Expired Study
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Little Rock, Arkansas 72205


The purpose of this study is to show that the use of preoperative rectus sheath blocks can ultimately alleviate the need for using nondepolarizing muscle relaxants during certain abdominal procedures.

Study summary:

The patients in the active group will be taken to the operating room and standard american society of anesthesiologists monitors will be applied. After induction of general anesthesia, the ultrasonographic anatomy of the umbilical region will be studied in each patient. The probe will be adjusted until optimum view of both rectus abdominis muscles, their sheaths and surrounding structures are identified. Once the umbilical region anatomy has been identified the puncture sites will be determined. The puncture sites will be aseptically prepped, the ultrasound probed will be covered with a sterile tegaderm, and sterile ultrasound gel will be used on the field. A 21-g EchoStim echogenic needle will be used. The needle will be inserted in the long axis parallel to the ultrasound probe. The needle will be advanced carefully until the needle tip is seen between the posterior aspect of the rectus muscle and its sheath. After a confirmed negative aspiration, 15 ml of 0.25% bupivacaine will be inserted in 2 ml increments, aspirating in between. The placebo group will have the exact same procedure performed except 15 ml of normal saline will be injected in each rectus sheath instead of 0.25% bupivacaine. For all patients, when the block has been completed the surgery team will then prep the patient and proceed with the planned operation. The surgery staff and anesthesia providers taking care of the patient in the operating room will be unaware of the patient's group. At this point, all patients will be treated exactly the same. For intubation purposes, all patients will only receive succinylcholine. After intubation, elimination of the succinylcholine dose will be determined using a twitch monitor on the ulnar nerve. If at any point during the surgery, the surgery team needs more muscle relaxation then the anesthesia staff will give appropriate medications. The first step will be to administer propofol 50mg IV, if hemodynamics allow, and to verify that the patient has 1.0-1.2 minimum alveolar concentration (MAC) of volatile anesthetic. If the patient is not at 1.0 MAC, then the volatile anesthetic should be increased. If this does not provide sufficient relaxation, then a nondepolarizing muscle relaxant will be given in 10mg increments titrated to a train of four of 2 twitches at the ulnar nerve. All patients will receive ofirmev and fentanyl in the operating room for pain control. Ofirmev 1000mg will be given pre-incision to each patient and 1.5 mcg/kg loading dose of fentanyl will be given to each patient. Fentanyl will be redosed in 50mcg increments for a 20% increase in blood pressure or heart rate above preinduction values that is sustained for 5 minutes despite an adequate depth of anesthesia, defined as 1 MAC or greater.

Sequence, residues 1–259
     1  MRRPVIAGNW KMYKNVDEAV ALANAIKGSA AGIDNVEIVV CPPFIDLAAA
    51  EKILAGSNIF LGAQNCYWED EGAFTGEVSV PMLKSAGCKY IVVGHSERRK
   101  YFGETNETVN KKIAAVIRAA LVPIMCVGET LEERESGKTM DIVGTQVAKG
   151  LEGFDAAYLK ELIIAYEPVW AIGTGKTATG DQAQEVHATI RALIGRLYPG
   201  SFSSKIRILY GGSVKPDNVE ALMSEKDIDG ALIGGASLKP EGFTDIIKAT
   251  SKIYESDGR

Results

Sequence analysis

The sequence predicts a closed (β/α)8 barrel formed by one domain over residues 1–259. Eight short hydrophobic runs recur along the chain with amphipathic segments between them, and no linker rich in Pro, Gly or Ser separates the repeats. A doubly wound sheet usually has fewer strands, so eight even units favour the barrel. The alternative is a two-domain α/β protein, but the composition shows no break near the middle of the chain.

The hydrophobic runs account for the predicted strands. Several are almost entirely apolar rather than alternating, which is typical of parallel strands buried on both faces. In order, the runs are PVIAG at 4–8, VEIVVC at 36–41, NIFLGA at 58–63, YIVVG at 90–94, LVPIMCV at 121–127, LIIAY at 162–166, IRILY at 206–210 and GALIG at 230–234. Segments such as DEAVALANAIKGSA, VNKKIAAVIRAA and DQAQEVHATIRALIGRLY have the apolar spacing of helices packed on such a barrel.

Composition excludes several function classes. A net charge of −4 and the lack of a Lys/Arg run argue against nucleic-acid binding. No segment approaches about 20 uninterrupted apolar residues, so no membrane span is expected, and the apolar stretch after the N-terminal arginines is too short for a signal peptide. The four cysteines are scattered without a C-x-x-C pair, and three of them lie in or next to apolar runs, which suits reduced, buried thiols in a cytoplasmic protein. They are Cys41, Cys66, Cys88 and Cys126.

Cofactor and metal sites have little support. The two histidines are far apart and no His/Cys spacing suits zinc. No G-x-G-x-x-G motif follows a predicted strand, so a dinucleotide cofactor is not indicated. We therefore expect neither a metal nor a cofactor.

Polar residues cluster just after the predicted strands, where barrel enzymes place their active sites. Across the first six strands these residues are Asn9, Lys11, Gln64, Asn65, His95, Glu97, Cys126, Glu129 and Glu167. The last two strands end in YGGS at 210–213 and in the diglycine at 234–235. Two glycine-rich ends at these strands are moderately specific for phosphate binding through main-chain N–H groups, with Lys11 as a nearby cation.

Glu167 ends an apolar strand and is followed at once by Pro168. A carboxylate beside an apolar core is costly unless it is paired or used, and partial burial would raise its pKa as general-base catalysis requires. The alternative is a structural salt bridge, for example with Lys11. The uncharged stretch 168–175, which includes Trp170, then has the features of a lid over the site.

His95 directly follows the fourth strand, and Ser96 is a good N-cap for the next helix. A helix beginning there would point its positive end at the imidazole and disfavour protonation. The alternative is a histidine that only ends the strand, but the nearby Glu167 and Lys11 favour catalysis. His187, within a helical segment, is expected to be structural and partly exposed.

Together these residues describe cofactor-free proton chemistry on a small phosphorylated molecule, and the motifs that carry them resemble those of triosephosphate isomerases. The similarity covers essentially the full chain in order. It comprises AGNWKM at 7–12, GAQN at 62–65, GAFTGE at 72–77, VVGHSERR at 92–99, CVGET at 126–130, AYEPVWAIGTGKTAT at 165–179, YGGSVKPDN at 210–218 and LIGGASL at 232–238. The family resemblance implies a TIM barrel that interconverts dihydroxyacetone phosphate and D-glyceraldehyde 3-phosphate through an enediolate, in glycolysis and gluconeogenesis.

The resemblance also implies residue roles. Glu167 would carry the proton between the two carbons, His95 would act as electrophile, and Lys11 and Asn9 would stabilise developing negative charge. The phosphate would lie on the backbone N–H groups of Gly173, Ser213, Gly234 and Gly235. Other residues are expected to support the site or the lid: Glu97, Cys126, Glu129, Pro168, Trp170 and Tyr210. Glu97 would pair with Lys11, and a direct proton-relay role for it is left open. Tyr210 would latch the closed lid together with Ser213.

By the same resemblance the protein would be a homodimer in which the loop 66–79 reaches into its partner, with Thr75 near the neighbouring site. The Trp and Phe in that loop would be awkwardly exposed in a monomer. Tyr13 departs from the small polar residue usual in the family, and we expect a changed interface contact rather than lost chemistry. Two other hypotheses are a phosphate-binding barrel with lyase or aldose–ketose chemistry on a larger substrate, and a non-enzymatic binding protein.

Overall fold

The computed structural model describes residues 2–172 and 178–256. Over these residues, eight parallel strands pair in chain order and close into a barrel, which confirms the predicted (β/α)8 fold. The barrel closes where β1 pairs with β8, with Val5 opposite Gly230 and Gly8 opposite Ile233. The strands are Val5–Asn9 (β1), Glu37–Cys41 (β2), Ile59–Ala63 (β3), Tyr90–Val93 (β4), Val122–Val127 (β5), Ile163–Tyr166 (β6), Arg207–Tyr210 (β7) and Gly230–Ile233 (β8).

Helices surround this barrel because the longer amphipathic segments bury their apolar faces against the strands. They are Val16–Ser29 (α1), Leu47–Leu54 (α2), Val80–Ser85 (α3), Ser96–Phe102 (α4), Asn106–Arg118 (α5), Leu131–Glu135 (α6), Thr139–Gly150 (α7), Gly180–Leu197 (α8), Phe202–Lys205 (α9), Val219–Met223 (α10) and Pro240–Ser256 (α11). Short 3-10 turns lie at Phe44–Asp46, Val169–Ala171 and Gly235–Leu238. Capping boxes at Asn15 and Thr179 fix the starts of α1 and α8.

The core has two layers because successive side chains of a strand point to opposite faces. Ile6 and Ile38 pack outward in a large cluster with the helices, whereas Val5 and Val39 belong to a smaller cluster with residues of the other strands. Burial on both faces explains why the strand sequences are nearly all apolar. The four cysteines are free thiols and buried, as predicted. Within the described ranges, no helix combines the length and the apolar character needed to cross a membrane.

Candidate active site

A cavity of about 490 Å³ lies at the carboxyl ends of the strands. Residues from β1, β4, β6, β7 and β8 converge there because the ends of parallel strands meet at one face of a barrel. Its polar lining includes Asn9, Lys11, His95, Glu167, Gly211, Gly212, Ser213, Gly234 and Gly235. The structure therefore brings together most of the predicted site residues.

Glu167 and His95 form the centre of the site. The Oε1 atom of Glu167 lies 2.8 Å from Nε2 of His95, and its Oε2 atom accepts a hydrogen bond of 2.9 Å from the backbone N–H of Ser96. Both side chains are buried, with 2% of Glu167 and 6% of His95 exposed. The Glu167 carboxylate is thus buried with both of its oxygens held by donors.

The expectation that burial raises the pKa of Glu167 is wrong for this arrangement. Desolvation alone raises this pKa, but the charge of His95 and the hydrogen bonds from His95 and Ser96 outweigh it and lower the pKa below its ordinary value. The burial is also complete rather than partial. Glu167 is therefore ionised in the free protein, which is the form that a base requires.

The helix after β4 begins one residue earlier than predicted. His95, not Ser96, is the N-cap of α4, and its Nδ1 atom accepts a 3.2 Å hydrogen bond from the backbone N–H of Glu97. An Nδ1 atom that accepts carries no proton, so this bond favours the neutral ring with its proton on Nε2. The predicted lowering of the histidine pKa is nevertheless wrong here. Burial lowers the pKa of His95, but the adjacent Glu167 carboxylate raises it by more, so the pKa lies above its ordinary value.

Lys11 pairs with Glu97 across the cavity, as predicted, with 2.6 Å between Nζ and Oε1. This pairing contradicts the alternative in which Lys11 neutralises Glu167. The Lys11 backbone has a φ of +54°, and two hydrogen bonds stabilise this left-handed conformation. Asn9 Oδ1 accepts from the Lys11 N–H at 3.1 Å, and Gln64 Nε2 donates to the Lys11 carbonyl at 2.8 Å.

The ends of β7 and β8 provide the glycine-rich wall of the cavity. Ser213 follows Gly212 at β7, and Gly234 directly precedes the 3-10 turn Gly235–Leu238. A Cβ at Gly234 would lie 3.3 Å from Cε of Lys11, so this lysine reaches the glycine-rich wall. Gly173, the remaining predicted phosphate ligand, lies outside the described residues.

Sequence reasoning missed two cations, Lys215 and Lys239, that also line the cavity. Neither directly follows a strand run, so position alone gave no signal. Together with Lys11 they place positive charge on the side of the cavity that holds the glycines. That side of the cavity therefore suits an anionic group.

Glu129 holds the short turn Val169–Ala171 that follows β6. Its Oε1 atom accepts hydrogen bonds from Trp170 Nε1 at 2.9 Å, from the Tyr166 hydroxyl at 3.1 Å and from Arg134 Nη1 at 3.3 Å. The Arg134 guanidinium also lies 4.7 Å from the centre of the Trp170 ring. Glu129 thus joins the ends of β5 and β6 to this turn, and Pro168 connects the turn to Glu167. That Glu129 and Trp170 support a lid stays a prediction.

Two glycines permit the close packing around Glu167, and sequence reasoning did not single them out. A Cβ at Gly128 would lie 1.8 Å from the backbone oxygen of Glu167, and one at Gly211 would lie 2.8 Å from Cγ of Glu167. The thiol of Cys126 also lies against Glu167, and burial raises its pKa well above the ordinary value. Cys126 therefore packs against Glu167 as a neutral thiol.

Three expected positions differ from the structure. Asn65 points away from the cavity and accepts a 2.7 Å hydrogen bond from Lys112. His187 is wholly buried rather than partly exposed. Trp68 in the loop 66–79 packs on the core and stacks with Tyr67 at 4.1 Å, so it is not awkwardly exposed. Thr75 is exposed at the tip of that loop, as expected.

Inclusion Criteria: - Scheduled to undergo an abdominal procedure with a periumbilical or midline incision above the umbilicus - Age ≥ 18 years. - American Society of Anesthesiologists physical status class 1 to 3 Exclusion Criteria: - Known coagulopathy - Preexisting muscular disease - Medical conditions contraindicated to bupivacaine, succinylcholine or other medication used in the study



Primary Contact:

Principal Investigator
Andrew G Cain, M.D.
University of Arkansas

Backup Contact:


Location Contact:

Little Rock, Arkansas 72205
United States

There is no listed contact information for this specific location.

Site Status: N/A

Data Source: ClinicalTrials.gov

Date Processed: January 21, 2020

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